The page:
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The girl with the dragon tattoo [large print] / Stieg Larsson ; translated from the Swedish by Reg Keeland.

By: Larsson, Steig, 1954-2004.
Contributor(s): Keeland, Reg, 1943-.
Material type: materialTypeLabelBookSeries: The millennium trilogy ; bk. 1. Publisher: New York : Random House Large Print, c2008Description: 793 p. (large print) ; 24 cm.ISBN: 9780739384152; 9780739384152.Uniform titles: Män som hatar kvinnor. English Subject(s): Rich people -- Sweden -- Fiction | Corruption -- Sweden -- Fiction | Missing persons -- Sweden -- Fiction | Sweden -- FictionDDC classification: 839.73/8 Summary: The disappearance forty years ago of Harriet Vanger, a young scion of one of the wealthiest families in Sweden, gnaws at her octogenarian uncle, Henrik Vanger. He is determined to know the truth about what he believes was her murder. He hires crusading journalist Mikael Blomkvist, recently at the wrong end of a libel case, to get to the bottom of Harriet's disappearance. Lisbeth Salander, a twenty-four-year-old, pierced, tattooed genius hacker, possessed of the hard-earned wisdom of someone twice her age--and a terrifying capacity for ruthlessness--assists Blomkvist with the investigation. This unlikely team discovers a vein of nearly unfathomable iniquity running through the Vanger family, an astonishing corruption at the highest echelon of Swedish industrialism--and a surprising connection between themselves.--From publisher description.
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Default Deer Park Library (DIY)
Large Print Fiction LP LARS Available I6659239
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Large Print Fiction LP LARS Available I6561410
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The disappearance forty years ago of Harriet Vanger, a young scion of one of the wealthiest families in Sweden, gnaws at her octogenarian uncle, Henrik Vanger. He is determined to know the truth about what he believes was her murder. He hires crusading journalist Mikael Blomkvist, recently at the wrong end of a libel case, to get to the bottom of Harriet's disappearance. Lisbeth Salander, a twenty-four-year-old, pierced, tattooed genius hacker, possessed of the hard-earned wisdom of someone twice her age--and a terrifying capacity for ruthlessness--assists Blomkvist with the investigation. This unlikely team discovers a vein of nearly unfathomable iniquity running through the Vanger family, an astonishing corruption at the highest echelon of Swedish industrialism--and a surprising connection between themselves.--From publisher description.

Excerpt provided by Syndetics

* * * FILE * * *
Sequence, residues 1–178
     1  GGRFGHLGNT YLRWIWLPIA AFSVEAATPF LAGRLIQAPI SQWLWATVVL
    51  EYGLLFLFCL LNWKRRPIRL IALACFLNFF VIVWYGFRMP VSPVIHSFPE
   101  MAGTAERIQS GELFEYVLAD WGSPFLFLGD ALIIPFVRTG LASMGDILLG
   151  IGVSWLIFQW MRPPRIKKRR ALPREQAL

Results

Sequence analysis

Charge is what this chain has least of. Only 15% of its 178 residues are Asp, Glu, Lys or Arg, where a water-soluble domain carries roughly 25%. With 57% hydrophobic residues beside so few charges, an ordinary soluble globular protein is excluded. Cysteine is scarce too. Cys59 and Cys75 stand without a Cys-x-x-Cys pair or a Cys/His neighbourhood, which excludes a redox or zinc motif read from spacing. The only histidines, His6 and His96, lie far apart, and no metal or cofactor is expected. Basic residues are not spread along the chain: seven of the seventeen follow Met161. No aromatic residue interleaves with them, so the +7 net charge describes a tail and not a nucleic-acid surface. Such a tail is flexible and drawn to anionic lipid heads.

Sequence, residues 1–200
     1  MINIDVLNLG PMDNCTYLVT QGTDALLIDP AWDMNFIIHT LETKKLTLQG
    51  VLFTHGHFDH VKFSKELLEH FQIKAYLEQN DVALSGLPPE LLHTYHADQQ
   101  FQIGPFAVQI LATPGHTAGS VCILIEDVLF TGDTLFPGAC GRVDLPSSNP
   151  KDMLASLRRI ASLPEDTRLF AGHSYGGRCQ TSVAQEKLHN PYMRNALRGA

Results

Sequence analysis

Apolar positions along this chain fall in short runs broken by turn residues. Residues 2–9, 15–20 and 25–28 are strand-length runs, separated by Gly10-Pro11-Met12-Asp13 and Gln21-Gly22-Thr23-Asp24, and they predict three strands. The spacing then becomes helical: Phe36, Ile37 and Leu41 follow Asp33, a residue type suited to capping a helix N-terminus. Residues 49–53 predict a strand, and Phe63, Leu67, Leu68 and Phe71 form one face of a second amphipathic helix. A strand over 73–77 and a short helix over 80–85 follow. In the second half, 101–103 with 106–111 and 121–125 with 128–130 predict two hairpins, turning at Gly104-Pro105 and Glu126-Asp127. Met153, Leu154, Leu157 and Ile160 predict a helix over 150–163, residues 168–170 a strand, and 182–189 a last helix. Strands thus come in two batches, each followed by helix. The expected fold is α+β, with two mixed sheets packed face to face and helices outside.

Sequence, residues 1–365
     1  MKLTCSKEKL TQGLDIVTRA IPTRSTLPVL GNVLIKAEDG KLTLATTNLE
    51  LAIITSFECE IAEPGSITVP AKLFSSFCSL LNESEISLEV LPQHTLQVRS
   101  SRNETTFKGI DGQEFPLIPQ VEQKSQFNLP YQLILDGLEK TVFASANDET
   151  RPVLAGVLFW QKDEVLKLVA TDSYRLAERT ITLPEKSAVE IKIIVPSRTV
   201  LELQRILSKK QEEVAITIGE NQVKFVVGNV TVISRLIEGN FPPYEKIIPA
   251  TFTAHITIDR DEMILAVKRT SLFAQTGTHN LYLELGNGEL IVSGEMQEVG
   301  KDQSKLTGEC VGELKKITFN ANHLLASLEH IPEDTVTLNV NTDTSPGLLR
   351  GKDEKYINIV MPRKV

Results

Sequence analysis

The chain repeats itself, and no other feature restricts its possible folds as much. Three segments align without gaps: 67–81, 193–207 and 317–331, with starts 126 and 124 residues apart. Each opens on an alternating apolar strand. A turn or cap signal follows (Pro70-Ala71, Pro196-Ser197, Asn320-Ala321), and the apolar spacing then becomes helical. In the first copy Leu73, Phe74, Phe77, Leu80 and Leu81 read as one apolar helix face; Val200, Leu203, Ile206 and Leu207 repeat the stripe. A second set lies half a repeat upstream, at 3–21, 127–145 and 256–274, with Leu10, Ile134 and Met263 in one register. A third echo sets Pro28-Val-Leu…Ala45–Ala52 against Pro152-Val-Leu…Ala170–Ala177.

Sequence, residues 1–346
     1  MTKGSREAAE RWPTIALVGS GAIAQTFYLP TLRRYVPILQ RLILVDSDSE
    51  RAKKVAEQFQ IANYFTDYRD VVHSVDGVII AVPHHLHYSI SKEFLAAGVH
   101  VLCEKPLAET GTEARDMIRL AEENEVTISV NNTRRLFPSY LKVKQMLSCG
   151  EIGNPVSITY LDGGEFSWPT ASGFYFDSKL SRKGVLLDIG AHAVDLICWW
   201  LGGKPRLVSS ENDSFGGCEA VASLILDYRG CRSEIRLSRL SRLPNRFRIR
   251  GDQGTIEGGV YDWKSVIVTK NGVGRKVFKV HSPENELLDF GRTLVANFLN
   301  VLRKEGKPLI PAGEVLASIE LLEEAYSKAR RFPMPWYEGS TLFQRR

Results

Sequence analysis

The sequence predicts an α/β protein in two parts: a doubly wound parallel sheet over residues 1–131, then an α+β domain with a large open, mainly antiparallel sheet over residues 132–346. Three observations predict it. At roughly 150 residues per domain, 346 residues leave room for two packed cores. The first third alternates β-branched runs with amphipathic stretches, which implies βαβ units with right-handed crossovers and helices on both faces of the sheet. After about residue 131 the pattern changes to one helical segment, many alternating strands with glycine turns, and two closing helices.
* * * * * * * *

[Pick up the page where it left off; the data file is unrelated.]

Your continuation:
A Friday in November It happened every year, was almost a ritual. And this was his eighty-second birthday. When, as usual, the flower was delivered, he took off the wrapping paper and then picked up the telephone to call Detective Superintendent Morell who, when he retired, had moved to Lake Siljan in Dalarna. They were not only the same age, they had been born on the same day-which was something of an irony under the circumstances. The old policeman was sitting with his coffee, waiting, expecting the call. "It arrived." "What is it this year?" "I don't know what kind it is. I'll have to get someone to tell me what it is. It's white." "No letter, I suppose." "Just the flower. The frame is the same kind as last year. One of those do-it-yourself ones." "Postmark?" "Stockholm." "Handwriting?" "Same as always, all in capitals. Upright, neat lettering." With that, the subject was exhausted, and not another word was exchanged for almost a minute. The retired policeman leaned back in his kitchen chair and drew on his pipe. He knew he was no longer expected to come up with a pithy comment or any sharp question which would shed a new light on the case. Those days had long since passed, and the exchange between the two men seemed like a ritual attaching to a mystery which no-one else in the whole world had the least interest in unravelling. The Latin name was Leptospermum (Myrtaceae) rubinette . It was a plant about ten centimetres high with small, heather-like foliage and a white flower with five petals about two centimetres across. The plant was native to the Australian bush and uplands, where it was to be found among tussocks of grass. There it was called Desert Snow. Someone at the botanical gardens in Uppsala would later confirm that it was a plant seldom cultivated in Sweden. The botanist wrote in her report that it was related to the tea tree and that it was sometimes confused with its more common cousin Leptospermum scoparium, which grew in abundance in New Zealand. What distinguished them, she pointed out, was that rubinette had a small number of microscopic pink dots at the tips of the petals, giving the flower a faint pinkish tinge. Rubinette was altogether an unpretentious flower. It had no known medicinal properties, and it could not induce hallucinatory experiences. It was neither edible, nor had a use in the manufacture of plant dyes. On the other hand, the aboriginal people of Australia regarded as sacred the region and the flora around Ayers Rock. The botanist said that she herself had never seen one before, but after consulting her colleagues she was to report that attempts had been made to introduce the plant at a nursery in Göteborg, and that it might, of course, be cultivated by amateur botanists. It was difficult to grow in Sweden because it thrived in a dry climate and had to remain indoors half of the year. It would not thrive in calcareous soil and it had to be watered from below. It needed pampering. The fact of its being so rare a flower ought to have made it easier to trace the source of this particular specimen, but in practice it was an impossible task. There was no registry to look it up in, no licences to explore. Anywhere from a handful to a few hundred enthusiasts could have had access to seeds or plants. And those could have changed hands between friends or been bought by mail order from anywhere in Europe, anywhere in the Antipodes. But it was only one in the series of mystifying flowers that each year arrived by post on the first day of November. They were always beautiful and for the most part rare flowers, always pressed, mounted on watercolour paper in a simple frame measuring 15cm by 28cm. Excerpted from The Girl with the Dragon Tattoo by Stieg Larsson All rights reserved by the original copyright owners. Excerpts are provided for display purposes only and may not be reproduced, reprinted or distributed without the written permission of the publisher.